Pharmaceutical R&D Productivity: The Role of Alliance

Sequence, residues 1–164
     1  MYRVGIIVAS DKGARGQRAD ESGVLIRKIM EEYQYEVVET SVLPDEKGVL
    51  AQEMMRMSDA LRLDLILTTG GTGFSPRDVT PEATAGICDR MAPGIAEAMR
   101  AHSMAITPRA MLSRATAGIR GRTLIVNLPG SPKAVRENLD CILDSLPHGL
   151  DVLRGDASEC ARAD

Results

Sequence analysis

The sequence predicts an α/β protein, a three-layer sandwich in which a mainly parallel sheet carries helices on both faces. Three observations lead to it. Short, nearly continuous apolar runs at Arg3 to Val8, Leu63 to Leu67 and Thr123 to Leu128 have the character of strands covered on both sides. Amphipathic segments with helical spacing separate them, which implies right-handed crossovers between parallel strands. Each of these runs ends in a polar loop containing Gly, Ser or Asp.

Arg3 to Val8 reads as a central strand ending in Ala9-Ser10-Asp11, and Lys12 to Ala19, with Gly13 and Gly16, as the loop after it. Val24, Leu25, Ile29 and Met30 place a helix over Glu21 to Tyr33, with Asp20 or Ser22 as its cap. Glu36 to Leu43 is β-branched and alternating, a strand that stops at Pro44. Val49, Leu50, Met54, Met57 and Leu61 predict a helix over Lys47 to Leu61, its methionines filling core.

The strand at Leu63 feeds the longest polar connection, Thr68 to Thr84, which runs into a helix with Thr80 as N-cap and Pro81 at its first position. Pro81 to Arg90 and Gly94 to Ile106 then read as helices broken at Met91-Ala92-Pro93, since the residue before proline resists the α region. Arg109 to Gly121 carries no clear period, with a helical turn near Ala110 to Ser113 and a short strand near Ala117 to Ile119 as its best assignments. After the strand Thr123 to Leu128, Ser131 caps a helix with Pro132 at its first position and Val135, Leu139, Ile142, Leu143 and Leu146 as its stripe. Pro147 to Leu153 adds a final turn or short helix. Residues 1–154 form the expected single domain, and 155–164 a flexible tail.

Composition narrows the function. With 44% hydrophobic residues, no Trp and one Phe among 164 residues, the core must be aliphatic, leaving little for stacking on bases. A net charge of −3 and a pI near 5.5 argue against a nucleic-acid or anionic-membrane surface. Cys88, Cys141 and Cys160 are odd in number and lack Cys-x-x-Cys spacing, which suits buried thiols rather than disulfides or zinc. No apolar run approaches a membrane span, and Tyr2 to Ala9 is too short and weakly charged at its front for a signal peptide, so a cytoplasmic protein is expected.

In recent years, the major research-intensive biopharmaceutical companies (big pharma) have come face to face with a perfect storm of eroding profit margins from blockbuster expiration and generic competition coupled with growing R&D expenses and declining advances in truly novel therapeutics. With long-term research divisions shed in favor of short-term outsourcing options and with public good will at historic lows, industry innovators have sought to reinvent the model of big pharma, its relationship in public-private partnerships, and the role of technology and technology policy in reform. In this paper, we highlight a number of the major alliances reshaping the industry and the role of government, research institutions, and other players in the public-private interface in these endeavors. In particular, this paper looks beyond traditional biotechnology parternships and focuses instead on the developing consortia between biopharmaceutical companies and with clinical research organizations and academic institutions. We examined each alternative model of alliance, identified specific hurdles and potentials for increased productivity.

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